The recent corn harvest was quite unfavorable, and livestock feeders need a long-term plan for feeding the 2009 crop. In much of the Midwest, corn harvest was later than in any year in recent memory, and the prolonged moist conditions in many cases caused molds to develop on the kernels, as ears were standing on stalks in the field.
These ear rots have resulted in many questions concerning possible mycotoxin production when conditions are cool and wet. “Wet conditions are ideal for mold growth,” says Randy Cragoe, a ruminant nutrition specialist with Cragoe Consulting at Brookings, S.D.
• Think beyond harvest before feeding corn from this fall.
• Test corn that had mold on ears in the field for mycotoxins.
• Problems vary for livestock fed corn contaminated with mold.
“Ideally, grain at harvest shouldn’t have more than 13% to 14% moisture,” he adds. “If the grain contains more than this recommended moisture, it is highly suggested to use mold inhibitors, which are organic acids, at appropriate concentrations. These mold inhibitors reduce the further growth of molds and the subsequent mycotoxin production.”
Cragoe says high-moisture corn should be analyzed for harmful mycotoxins before storage or feeding, and should be stored in separate, temporary structures such as bags to avoid contamination of clean corn in storage bins. Also, care should be taken to make sure silos and bunks are packed well. The use of silage inoculants can be valuable. Care should be taken to store straw and hay properly as they also can be a source of mycotoxins.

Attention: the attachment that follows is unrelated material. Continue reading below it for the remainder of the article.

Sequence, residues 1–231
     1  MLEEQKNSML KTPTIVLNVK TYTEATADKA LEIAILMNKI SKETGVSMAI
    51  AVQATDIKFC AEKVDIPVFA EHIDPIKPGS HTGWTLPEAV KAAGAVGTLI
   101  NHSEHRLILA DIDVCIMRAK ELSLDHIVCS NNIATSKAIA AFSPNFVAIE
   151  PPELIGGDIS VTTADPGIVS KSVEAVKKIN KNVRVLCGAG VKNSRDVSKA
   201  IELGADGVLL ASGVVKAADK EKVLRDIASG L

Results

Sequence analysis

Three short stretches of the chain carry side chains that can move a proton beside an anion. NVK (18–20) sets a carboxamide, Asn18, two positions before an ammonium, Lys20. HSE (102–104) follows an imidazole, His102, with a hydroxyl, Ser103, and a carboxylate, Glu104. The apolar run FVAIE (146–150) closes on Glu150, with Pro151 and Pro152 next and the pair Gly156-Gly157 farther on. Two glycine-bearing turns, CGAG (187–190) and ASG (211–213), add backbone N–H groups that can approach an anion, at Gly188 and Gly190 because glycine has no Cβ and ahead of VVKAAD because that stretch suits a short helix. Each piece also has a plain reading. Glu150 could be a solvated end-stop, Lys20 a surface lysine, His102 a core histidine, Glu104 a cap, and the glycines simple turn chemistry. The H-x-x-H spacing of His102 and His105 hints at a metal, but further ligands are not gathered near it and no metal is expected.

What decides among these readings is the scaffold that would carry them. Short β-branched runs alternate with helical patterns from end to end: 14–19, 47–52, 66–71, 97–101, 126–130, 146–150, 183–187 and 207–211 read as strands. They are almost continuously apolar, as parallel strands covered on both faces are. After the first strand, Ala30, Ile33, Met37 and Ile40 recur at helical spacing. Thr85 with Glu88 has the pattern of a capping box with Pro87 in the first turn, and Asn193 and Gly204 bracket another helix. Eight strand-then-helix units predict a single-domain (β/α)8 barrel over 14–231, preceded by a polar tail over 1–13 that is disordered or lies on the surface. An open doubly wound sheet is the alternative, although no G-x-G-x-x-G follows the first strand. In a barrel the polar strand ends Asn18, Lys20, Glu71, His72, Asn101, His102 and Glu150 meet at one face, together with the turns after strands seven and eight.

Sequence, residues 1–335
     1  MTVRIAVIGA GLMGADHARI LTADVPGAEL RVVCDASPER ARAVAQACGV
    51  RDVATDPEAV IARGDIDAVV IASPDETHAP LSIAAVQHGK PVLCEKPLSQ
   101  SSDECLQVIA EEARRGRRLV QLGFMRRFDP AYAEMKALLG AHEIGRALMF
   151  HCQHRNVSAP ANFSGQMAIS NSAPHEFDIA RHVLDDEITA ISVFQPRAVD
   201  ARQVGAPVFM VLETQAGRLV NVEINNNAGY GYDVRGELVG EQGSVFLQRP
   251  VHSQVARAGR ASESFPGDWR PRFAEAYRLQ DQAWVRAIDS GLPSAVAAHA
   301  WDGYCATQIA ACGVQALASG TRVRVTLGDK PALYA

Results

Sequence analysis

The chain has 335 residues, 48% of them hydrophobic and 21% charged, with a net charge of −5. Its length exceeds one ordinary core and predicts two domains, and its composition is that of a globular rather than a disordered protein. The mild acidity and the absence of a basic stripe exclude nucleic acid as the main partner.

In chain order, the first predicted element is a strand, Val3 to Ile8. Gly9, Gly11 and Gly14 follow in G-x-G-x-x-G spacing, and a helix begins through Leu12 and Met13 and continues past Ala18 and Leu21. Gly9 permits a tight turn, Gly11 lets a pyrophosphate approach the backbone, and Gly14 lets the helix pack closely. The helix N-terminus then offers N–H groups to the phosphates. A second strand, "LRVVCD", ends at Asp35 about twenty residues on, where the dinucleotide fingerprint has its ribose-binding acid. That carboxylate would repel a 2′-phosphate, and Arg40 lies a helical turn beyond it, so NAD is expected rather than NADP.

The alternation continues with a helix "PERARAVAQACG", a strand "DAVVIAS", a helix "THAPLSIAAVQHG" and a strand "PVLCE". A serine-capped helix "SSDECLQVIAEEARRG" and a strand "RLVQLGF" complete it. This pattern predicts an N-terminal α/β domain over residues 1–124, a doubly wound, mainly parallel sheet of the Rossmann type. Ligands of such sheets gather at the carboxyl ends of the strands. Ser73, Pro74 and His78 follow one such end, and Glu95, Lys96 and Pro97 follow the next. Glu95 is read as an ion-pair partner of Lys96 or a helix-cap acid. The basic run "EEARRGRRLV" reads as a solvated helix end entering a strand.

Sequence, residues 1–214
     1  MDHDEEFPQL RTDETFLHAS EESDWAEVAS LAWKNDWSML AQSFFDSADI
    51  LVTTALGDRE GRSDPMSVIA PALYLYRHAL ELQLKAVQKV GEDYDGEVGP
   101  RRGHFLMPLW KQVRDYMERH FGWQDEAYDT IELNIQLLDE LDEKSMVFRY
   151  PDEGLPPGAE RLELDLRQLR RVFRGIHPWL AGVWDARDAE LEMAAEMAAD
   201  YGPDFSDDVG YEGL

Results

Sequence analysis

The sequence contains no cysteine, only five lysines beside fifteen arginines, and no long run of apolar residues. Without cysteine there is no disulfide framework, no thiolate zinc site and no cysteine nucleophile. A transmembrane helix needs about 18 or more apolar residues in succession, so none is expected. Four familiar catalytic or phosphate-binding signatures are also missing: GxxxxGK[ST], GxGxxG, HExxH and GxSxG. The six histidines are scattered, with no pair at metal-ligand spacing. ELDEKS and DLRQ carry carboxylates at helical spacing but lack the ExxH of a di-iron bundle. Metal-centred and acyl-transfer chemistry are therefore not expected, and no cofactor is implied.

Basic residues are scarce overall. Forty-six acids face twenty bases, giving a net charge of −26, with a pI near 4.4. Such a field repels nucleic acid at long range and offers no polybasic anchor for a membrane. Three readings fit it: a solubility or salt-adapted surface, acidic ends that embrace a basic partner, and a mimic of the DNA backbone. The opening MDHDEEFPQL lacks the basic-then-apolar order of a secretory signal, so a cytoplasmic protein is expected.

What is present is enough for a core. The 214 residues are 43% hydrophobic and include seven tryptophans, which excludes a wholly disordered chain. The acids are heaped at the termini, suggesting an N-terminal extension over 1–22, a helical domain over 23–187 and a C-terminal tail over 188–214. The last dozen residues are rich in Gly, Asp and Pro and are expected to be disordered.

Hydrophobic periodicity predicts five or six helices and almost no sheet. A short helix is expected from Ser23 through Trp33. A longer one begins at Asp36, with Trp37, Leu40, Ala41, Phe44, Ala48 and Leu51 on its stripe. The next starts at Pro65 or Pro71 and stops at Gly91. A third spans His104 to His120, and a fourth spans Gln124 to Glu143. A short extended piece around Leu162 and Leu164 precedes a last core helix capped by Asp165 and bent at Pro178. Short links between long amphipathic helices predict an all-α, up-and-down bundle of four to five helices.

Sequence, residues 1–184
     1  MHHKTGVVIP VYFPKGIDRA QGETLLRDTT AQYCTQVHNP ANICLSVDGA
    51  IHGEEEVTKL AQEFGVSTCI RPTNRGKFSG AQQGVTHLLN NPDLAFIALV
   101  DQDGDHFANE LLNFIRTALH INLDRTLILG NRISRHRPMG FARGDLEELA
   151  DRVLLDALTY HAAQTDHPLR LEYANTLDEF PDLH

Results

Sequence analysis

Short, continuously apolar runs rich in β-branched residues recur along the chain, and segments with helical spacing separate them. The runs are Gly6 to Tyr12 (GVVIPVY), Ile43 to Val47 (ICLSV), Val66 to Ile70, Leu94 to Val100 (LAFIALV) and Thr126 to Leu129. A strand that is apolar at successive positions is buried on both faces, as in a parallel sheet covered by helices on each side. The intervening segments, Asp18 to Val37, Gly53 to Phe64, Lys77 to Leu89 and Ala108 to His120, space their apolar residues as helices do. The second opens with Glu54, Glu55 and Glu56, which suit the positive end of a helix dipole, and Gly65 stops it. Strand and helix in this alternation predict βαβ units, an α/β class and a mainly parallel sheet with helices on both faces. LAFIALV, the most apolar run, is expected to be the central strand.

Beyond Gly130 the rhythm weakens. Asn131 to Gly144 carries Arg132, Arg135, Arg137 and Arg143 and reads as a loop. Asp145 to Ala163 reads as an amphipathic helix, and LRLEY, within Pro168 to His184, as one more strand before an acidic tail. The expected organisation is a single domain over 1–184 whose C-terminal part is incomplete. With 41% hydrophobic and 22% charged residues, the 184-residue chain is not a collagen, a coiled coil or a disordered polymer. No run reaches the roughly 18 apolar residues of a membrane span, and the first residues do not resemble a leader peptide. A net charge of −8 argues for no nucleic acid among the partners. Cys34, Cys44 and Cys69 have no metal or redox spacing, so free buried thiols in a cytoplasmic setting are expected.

The toxins can be produced by molds found in soil and can grow on grain, forages and silage. Mycotoxins can form in the field preharvest and may continue to form under suboptimal storage conditions postharvest. Aflatoxins and Fusarium mycotoxins often are associated with moldy corn.
Problems for livestock can be quite variable depending on species and type of toxins identified in the feed source, says Cragoe. Swine and horses have a high sensitivity to contaminated feed, and feed avoidance by the animal is a common symptom of mycotoxin issues.
For gestating and lactating sows, if they do eat the feed, symptoms such as immune suppression, reduced ability to absorb nutrients from the gastrointestinal tract and a reduced use of proteins in the body are more common.
Ruminant animals are the most resistant due to microorganisms in the rumen that can degrade toxins before they enter the bloodstream. Harmful effects can be observed, however, in high-producing dairy cows. Reduced milk production, impaired reproduction and immunity suppression in cows are possible effects of mycotoxins.
Use a feed additive?
Once mycotoxins have made their way into the feed, there are still a few options available to the farmer. “You either should not feed the contaminated feed or you should use an effective mycotoxin adsorbent,” says Cragoe.
There are two types of adsorbents: silica-based polymers and carbon-based organic polymers. Silica-type materials are readily available, and many are effective against aflatoxins but ineffective against other types. An organic glucomannan polymer extracted from the cell wall of yeast is a natural fiber source and often can be used at practical levels of inclusion.
Need more information? Cragoe says mycotoxins are a leading area of study at Alltech. Visit www.alltech.com.
Source: Cragoe, Alltech
This article published in the February, 2010 edition of WISCONSIN AGRICULTURIST.
All rights reserved. Copyright Farm Progress Cos. 2010.